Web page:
FBI Took Files in July Raid on Manafort’s Home

Updated on
  • Raid comes as special counsel Robert Mueller ramps up probe
  • Search took place at a Manafort residence in Virginia July 26

FBI Searches Manafort Home in Russia Investigation

The FBI searched a home belonging to Paul Manafort, President Donald Trump’s former campaign chairman, as the federal probe into Russian meddling in the 2016 election expands.

"FBI agents executed a search warrant at one of Mr. Manafort’s residences," Jason Maloni, a spokesman for Manafort, said in an email Wednesday. "Mr. Manafort has consistently cooperated with law enforcement and other serious inquiries and did so on this occasion as well."

The raid took place at Manafort’s residence in Alexandria, Virginia, on July 26, according to a person familiar with the details of the search. Investigators collected some material during the search that they then took with them, according to the person. The Washington Post reported the raid earlier.

FBI agents are working with a team of prosecutors led by special counsel Robert Mueller to investigate Russia’s meddling in the 2016 election, including whether Trump or any of his associates colluded with Moscow or committed any crimes. Along with Manafort, investigators are looking into the activities and financial dealings of Trump associates including his son-in-law Jared Kushner and former National Security Adviser Michael Flynn.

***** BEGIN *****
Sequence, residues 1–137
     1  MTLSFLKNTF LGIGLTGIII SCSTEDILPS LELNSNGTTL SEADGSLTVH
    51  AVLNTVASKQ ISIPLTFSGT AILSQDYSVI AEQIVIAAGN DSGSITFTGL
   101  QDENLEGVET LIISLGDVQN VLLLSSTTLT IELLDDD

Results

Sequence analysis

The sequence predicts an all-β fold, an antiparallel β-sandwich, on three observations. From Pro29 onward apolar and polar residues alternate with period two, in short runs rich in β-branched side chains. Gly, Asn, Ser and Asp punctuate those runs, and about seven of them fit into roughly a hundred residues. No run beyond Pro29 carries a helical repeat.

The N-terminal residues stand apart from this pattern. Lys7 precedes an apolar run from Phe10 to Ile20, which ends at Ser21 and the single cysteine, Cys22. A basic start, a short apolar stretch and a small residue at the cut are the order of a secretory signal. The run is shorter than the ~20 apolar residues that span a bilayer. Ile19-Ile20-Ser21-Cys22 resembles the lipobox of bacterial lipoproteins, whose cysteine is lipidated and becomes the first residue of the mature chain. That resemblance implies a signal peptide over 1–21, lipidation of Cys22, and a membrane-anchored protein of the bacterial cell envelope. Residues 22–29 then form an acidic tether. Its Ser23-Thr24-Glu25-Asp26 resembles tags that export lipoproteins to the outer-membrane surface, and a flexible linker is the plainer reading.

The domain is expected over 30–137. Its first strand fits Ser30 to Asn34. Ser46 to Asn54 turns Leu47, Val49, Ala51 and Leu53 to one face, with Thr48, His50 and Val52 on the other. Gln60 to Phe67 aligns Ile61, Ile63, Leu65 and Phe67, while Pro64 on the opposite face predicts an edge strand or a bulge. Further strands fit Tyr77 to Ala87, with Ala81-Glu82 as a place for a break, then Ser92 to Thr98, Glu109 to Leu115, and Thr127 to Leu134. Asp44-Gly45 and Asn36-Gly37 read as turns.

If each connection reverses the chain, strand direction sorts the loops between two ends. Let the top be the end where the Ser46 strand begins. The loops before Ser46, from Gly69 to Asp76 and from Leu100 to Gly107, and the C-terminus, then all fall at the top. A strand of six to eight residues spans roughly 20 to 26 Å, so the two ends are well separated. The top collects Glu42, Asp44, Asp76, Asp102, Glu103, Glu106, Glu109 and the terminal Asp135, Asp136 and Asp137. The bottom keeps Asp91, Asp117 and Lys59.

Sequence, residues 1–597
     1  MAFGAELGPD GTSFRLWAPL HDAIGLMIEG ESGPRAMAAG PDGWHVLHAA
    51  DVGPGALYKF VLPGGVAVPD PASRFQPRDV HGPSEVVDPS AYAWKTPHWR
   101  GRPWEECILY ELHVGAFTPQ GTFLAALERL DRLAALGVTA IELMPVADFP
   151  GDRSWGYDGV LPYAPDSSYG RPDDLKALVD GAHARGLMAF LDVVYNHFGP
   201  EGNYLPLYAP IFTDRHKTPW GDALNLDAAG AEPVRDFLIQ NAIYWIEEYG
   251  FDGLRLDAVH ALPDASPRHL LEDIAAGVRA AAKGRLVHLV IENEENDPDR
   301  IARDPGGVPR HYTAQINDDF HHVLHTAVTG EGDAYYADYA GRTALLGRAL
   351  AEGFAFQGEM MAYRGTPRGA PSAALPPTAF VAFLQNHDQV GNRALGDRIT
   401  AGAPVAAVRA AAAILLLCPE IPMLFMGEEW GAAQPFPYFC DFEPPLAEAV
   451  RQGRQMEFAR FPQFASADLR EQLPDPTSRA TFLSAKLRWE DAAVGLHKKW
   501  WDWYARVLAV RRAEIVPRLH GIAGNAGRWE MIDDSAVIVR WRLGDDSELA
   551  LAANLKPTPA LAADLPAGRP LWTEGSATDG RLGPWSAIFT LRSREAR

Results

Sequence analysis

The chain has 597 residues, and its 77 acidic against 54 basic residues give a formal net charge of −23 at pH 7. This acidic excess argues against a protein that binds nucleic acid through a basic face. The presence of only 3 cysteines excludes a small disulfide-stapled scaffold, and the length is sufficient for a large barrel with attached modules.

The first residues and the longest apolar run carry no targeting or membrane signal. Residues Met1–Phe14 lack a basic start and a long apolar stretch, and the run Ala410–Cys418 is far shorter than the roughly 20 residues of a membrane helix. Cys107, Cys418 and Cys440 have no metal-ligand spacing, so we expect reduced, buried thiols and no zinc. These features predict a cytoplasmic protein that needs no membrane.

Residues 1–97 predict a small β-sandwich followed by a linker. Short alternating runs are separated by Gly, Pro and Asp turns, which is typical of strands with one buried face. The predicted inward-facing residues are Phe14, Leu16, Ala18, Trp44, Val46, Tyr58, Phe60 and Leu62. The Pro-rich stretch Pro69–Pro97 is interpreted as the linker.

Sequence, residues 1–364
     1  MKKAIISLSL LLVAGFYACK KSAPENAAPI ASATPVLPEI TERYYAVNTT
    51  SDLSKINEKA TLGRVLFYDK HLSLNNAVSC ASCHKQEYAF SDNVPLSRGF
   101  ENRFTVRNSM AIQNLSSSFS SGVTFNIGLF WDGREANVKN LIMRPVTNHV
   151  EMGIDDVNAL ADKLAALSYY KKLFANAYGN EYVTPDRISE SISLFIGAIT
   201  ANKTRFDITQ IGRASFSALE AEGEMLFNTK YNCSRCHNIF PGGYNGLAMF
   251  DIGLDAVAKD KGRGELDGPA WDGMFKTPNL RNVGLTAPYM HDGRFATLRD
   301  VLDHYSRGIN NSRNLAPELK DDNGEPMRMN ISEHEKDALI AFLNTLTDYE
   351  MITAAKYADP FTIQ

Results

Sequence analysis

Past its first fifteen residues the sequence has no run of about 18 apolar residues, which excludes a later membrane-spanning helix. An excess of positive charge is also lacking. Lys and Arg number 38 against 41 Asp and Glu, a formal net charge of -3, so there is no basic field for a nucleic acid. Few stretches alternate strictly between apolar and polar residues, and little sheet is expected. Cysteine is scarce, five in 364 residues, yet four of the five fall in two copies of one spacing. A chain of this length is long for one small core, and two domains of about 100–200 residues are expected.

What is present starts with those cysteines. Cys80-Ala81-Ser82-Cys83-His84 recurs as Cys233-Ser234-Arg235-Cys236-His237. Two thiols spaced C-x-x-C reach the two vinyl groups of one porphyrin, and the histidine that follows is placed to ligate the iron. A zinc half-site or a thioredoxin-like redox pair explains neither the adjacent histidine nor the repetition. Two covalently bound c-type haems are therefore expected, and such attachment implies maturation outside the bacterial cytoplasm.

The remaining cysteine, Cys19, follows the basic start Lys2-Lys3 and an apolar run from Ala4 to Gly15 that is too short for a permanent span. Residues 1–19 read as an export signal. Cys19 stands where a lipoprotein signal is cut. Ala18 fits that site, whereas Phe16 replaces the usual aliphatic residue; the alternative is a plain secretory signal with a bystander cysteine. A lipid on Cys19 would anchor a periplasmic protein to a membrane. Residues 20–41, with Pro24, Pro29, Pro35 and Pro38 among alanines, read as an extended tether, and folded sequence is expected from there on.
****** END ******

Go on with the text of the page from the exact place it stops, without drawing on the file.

Read more: Your Guide to Understanding the Trump-Russia Saga

Manafort received $17.1 million for his work with a Ukrainian political party, according to a foreign agent registration document he filed with the U.S. government in June. Manafort’s retroactive filing covered his work on behalf of Ukraine’s pro-Russian Party of Regions in 2012 and 2013.

Manafort served as Trump’s campaign chairman from March to August of 2016, but he was forced to resign as he came under increasing scrutiny for the past work consulting for Kremlin-backed former Ukrainian President Viktor Yanukovych. 

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Flynn also retroactively registered with the Justice Department as a foreign agent. Flynn resigned under pressure in February and filed the registration in March as the Russia investigation was accelerating.

The Trump campaign last week turned over about 20,000 pages of documents to the Senate Judiciary Committee, which is conducting its own Russia probe, committee spokesman George Hartmann said Tuesday. Manafort provided about 400 pages on Aug. 2, including his foreign-advocacy filing, while Trump’s son Donald Jr. provided about 250 pages on Aug. 4, Hartmann said.

Mueller’s inquiry has appeared to expand in recent weeks. Along with the raid on Manafort’s home, Mueller is now using a federal grand jury in Washington to further the investigation.

— With assistance by Steven T. Dennis, Nafeesa Syeed, and Bill Allison

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